A field of eight will duke it out this weekend on the resort island of Bali for the top job in Golkar, Indonesia's biggest political party.
The candidates touted as front runners by political pundits in recent months are House Speaker Ade Komarudin and his predecessor in Parliament, Mr Setya Novanto.
Both men are among eight members vetted by the party cadre and given the green light to campaign for the post of Golkar chief, said Mr Andi Sinulingga, who is secretary of the party's steering committee.
The other six are politicians Aziz Syamsuddin and Mahyudin, former lawmakers Airlangga Hartarto, Indra Bambang Utoyo and Priyo Budi Santoso, as well as South Sulawesi governor Syahrul Yasin Limpo.
"We will treat all eight equally," said Mr Andi on Tuesday, ahead of the Golkar national congress starting on Saturday in Nusa Dua, Bali, where the "Yellow Army" will cast their votes for a new leader.
Yellow is the official party colour. Over the last one year, Golkar has been plagued by a leadership tussle between veteran politicians Agung Laksono and Aburizal Bakrie.
PARTY FACES TEST
It is a test to see whether Golkar can reform itself by breaking with the old tradition which includes vote-buying and transactional politics.
INDONESIAN INSTITUTE OF SCIENCES ANALYST SITI ZUHRO, saying that Golkar's selection of its next leader will be critical if it wants to win back support.
An attempt to reconcile started recently, and Golkar will be hoping that a new party chief will be able to revive its support base.
Campaigning kicked off with a big bang at a roadshow in Medan on Sunday, with all eight candidates running on a promise of change.
Experts such as Mr Ali Nurdin from Mathla'ul Anwar University said that although the race has eight candidates, it is really a straight fight between Mr Ade and Mr Setya.
"They have seniority, economic resources and endorsements from party bigwigs," he said, adding that both men are backed by members such as former Golkar chiefs Akbar Tandjung and Aburizal Bakrie.
One notable absentee on the shortlist was businessman Tommy Suharto. Local media had reported earlier that the youngest son of former president Suharto had also thrown his hat into the ring.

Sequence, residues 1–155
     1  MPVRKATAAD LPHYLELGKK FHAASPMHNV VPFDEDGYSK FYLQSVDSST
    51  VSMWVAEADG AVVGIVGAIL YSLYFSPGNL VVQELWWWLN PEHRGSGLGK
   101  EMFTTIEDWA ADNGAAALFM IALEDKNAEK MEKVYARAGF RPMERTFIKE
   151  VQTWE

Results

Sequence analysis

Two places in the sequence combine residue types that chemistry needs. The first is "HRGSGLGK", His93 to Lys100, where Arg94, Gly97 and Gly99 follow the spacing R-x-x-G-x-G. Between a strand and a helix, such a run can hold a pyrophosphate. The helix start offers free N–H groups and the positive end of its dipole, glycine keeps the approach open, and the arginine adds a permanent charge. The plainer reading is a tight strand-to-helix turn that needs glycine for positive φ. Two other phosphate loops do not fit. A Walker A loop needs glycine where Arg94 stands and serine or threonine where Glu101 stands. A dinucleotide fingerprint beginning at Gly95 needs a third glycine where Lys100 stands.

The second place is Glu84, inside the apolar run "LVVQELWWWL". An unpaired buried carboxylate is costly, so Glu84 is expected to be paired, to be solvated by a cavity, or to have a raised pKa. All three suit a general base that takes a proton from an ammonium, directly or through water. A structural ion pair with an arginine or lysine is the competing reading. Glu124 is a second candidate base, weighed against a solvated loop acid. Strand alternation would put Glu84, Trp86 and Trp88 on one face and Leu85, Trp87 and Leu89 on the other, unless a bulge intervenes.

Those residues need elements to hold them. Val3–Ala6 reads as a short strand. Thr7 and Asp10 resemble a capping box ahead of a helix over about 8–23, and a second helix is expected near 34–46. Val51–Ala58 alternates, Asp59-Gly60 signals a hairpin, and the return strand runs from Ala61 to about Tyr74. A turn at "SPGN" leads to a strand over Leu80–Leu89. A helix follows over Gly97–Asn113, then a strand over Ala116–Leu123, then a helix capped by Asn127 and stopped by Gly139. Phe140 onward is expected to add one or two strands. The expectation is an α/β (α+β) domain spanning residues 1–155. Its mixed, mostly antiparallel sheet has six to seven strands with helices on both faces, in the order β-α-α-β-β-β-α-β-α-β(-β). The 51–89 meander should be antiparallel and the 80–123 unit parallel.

It is unclear why he was not in the final eight, although observers, reported The Jakarta Post recently, had said his nomination would hamper the party's bid to rebuild. Golkar was the party of his father, who ruled Indonesia for 32 years. But it has been on a downward spiral since its first defeat at the 1999 polls, after Suharto was forced to resign following the 1997 Asian financial crisis.
The party has been part of the opposition since President Joko Widodo took office, but that is set to change with all eight candidates having declared support for the government, if elected as chairman.
If that happens, the ruling coalition will control 62 per cent of the House, shifting the balance of power to allow Mr Joko to push through much-needed reforms in Indonesia.
Analyst Katjung Marijan had said a reason for Golkar's change in allegiance could be that it was promised Cabinet posts in exchange for its support. Being in government would be a big step as the party looks to regain credibility among Indonesians.
Recent developments in the chairmanship race, however, have drawn controversy. Besides Mr Tommy Suharto's aborted attempt, many opposed Mr Setya's bid, citing allegations of him soliciting kickbacks from mining firm Freeport last year.
The party's requirement of a one billion rupiah (S$103,000) "registration fee" from the candidates was also called into question, leading to accusations of vote-buying.
Experts such as Indonesian Institute of Sciences analyst Siti Zuhro warned that Golkar's pick of its next leader is critical if it wants to regain support. "It is a test to see whether Golkar can reform itself by breaking with the old tradition which includes vote-buying and transactional politics," she told The Jakarta Post.